Knapp's Relational Development Model
The Knapp's Model of Relational Development views relationship development as a process. Therefore, all of the steps must be done one-at-a-time and in order to make sure they are effective.
Coming together phase
The first stage of the Coming Together phase of the Relationship Development Model is the initiating stage where first impressions of the two people involved in the relationship are made once the initial contact has been made. Often physical factors play a role in this stage, such as clothing, perfumes or colognes, hair styles, and overall appearance. People often want to portray themselves as easy to talk to, friendly, and open to discussion. This stage does not include deep revealing conversations, but rather light conversation meant to survey the possibility of a closer personal relationship with someone. Sometimes appearance plays a role in making the first impression as well.
Moving from the initiation stage of the Model, the next stage is experimentation. In this stage of the relationship, the two people attempt to find some common ground between each other’s lives such as common interests and hobbies. This stage is also referred to as the probing stage, because each person probes the other for information that would allow them to further the social connection between them. Many relationships end here, never developing to anything more than a mere acquaintance.
However, those relationships that do move to the next stage experience the intensifying stage. Here also is where people test the potential of the relationship with varying degrees of self-disclosure to see if that will be reciprocated and to test the impressions one is making. In the intensifying stage of the Relationship Development Model, relationships grow and self-disclosure becomes more apparent and deep. People find many different ways to foster their relationships in order to stimulate relational development. Methods include giving gifts, asking for a romantic relationship commitment or expressing affection both verbally and nonverbally. Of course, there are no set guidelines for every relationship in the intensifying stage. Every relationship possesses unique characteristics that make it difficult for the Relationship Development Model to accurately predict if efforts to further the relationship will succeed or fail. Partners in some relationships may “test the waters” to see if particular advances are welcomed or frowned upon. These "secret" tests are intended to test the intensity of a relationship. They can include presenting the other person as a girlfriend or boyfriend (presentation) or seeing if the relationship lasts when a temporary physical separation between the two people occurs. Others will openly engage interpersonally in a declaration to the other of their intent to be exclusive in some fashion.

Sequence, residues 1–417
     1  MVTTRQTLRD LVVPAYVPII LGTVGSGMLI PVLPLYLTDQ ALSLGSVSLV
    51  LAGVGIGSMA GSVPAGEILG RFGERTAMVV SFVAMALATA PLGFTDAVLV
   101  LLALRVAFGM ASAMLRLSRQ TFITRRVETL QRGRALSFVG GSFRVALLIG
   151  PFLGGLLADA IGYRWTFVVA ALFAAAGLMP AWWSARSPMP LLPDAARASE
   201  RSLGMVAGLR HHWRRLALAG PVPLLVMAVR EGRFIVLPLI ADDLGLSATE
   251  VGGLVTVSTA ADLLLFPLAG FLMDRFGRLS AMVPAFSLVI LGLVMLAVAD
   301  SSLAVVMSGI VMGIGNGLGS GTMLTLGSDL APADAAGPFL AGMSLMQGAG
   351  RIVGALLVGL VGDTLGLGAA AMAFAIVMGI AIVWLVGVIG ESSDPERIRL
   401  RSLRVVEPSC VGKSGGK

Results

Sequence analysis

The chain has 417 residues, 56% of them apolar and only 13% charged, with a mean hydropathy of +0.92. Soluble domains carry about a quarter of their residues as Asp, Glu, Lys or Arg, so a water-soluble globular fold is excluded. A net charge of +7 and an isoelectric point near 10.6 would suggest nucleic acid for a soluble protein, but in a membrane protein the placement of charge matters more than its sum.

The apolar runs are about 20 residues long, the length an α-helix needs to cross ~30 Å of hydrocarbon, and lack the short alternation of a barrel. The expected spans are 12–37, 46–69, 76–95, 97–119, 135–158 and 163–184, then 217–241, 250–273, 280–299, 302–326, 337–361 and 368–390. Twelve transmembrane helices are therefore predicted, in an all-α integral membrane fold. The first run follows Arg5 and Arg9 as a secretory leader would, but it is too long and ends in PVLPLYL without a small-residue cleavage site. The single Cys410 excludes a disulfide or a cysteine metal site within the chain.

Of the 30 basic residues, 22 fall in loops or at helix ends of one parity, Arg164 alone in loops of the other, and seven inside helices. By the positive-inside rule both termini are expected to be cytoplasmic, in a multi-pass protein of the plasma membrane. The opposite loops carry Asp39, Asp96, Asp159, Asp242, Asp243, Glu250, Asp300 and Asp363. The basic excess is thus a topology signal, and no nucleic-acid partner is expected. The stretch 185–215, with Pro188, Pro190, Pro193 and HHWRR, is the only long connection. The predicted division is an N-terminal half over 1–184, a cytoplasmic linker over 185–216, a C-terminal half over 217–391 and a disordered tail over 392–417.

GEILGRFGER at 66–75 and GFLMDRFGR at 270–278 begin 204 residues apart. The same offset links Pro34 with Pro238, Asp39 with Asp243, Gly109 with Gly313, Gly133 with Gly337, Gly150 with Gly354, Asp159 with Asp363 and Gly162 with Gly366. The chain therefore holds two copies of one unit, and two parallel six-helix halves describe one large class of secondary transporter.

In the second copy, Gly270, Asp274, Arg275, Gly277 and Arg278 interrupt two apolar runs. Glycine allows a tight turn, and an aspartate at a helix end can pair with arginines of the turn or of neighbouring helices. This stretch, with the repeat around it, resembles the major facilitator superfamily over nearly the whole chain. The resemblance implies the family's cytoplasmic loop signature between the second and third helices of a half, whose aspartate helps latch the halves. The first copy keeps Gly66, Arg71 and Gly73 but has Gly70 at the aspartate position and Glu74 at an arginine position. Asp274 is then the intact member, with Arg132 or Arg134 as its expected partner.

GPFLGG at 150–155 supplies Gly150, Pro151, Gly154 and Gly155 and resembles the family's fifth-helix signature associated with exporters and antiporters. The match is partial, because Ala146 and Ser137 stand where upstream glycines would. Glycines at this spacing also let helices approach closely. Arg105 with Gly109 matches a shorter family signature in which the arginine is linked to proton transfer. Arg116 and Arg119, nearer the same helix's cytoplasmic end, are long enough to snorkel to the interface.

The fourth stage of relationship growth is the integration stage, where the lives of the two people begin to merge and their status as a couple is confirmed. In this stage friends that one would have individually meet and social groups combine. Also occurring at this stage are the beginnings of a sexual relationship and the deepest levels of self-disclosure are approached, signifying the intimacy of the relationship.